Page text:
I was somewhere near Mesquite on the edge of the desert when the stoke began to take hold. I push down on the accelerator and turn up the tunes -- only an hour to go.
Even rolling into Las Vegas in the middle of the afternoon, the flash of the strip rivals the blaring desert sun, all of it reflecting harshly off my dashboard. Flashing lights, 400-foot fountains, monstrous mazes full of debauchery… I can’t stop here. This is bat country!
I bank west, away from the mayhem and what we really came for finally comes into view -- Red Rock Canyon. In my opinion, it puts on a show far superior to anything Vegas has to offer. This nearly 200,000 acre rainbow-colored sandstone paradise is chocked full of massive canyons, towers, and cliffs loaded with a seemingly endless amount of incredible climbs -- many of them taking you hundreds of feet off the ground. This is a place for high adventure and I felt high just thinking about it.
The short time I spent in Vegas was transformative for me as a climber and as a general human being and felt far too rich with experience to try and condense into a single piece of writing. With this in mind, I hope you enjoy this short recount of three of the experiences that have truly impacted me. It’s safe to say that, at least in this instance, what happened in Vegas will certainly not be staying there.
Laughter is the best medicine.
It’s 7pm. The only light in the sky now is coming from the Vegas strip, but I feel like I’m glowing after watching the sun set in an explosion of color on our first day of climbing in Red Rock. The only hitch? We’re still about 500 feet off the ground.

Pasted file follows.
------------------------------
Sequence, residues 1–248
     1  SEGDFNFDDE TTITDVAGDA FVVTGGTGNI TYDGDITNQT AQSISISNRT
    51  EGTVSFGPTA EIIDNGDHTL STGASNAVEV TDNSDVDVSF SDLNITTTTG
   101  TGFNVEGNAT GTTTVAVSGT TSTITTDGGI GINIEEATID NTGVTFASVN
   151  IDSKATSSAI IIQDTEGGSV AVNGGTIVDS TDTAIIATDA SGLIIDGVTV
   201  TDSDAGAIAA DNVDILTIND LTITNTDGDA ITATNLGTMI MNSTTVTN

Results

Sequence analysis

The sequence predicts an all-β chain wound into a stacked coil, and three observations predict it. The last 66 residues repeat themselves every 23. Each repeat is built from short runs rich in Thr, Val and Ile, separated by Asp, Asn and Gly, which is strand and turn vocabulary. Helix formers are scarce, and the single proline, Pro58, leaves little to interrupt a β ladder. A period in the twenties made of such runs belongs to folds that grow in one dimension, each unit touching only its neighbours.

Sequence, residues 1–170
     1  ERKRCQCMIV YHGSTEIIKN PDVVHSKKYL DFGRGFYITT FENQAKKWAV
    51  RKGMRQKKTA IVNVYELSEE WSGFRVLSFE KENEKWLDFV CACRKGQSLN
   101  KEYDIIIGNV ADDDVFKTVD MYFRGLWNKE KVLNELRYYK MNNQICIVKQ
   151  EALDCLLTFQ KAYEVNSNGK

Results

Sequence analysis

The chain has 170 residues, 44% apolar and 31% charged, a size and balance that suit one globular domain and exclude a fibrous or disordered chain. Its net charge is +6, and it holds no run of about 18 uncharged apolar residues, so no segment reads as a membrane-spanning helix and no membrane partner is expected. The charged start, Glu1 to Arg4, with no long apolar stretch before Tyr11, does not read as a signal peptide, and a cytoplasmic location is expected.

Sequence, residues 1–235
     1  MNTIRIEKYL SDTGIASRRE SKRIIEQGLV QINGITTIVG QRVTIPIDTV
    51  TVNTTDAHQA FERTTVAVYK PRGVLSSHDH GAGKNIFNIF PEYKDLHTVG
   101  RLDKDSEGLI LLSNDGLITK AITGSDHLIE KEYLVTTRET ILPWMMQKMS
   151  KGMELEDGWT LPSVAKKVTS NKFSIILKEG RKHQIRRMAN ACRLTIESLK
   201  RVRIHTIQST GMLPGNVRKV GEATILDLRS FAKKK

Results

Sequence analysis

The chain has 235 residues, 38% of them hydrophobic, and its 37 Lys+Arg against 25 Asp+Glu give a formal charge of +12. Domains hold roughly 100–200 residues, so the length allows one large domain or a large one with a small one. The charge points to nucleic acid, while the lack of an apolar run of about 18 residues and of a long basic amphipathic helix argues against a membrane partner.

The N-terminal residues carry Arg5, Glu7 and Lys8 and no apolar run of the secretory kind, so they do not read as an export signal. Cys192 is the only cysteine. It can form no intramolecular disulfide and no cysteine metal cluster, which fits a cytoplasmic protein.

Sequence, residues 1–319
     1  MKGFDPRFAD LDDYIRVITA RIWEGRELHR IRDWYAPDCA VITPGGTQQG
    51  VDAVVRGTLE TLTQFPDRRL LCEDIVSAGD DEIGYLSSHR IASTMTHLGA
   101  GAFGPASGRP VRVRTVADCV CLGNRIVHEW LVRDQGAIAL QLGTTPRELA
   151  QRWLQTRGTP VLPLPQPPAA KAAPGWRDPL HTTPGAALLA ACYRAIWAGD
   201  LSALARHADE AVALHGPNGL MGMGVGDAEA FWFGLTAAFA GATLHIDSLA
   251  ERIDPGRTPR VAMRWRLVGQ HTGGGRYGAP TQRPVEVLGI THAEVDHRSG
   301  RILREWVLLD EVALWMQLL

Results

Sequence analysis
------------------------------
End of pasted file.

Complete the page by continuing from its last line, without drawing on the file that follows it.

Backing up a tick, we had set off up Birdland, a mega-classic, 600 foot, 5.7, around 5pm. This climb’s easy grade, short approach, and incredibly fun climbing make it a popular choice for newer climbers, but the party that we found ourselves stuck behind at the top clearly lacked even the base-level of experience needed for this climb. It became clear as the sun disappeared behind the cliffs that getting down was going to take a while.
Now, we weren’t in any real danger at this point, but when you’re making multiple rappels, the dark has the opportunity to really complicate the situation. With just a headlamp for light, finding that next anchor on the way down can get challenging, and if you think getting a rope stuck in broad daylight is an issue, well…
“Guess we shouldn’t have done that last pitch!”, Susan yells down sarcastically before starting her first rappel. I can’t tell if she’s making a joke or kind of pissed -- probably both, honestly. I’m about 100 feet below her, clipped into the anchors right next to the slow party’s leader and I can feel him cringe at the implications of her comment. “HA!” I holler back. “I wasn’t gonna settle for just any sunset!” Susan laughs and I get a tepid chuckle out of our mortified friend.
As we descend and accept our reality our mood begins to improve. We make up songs and dance like happy fools as we wait on the belay ledges in between rappels, our cackles cutting through the darkness of the canyons. I’m grateful for our high spirits -- not everyone in our shoes would be laughing right now.
The rest of our descent, though painfully slow, all went smoothly. We bid farewell to our new friends and set off hiking back to the car, still chuckling about what had just transpired. Sure we had just had a mini-epic, but laughing our way through it was exactly the medicine we needed.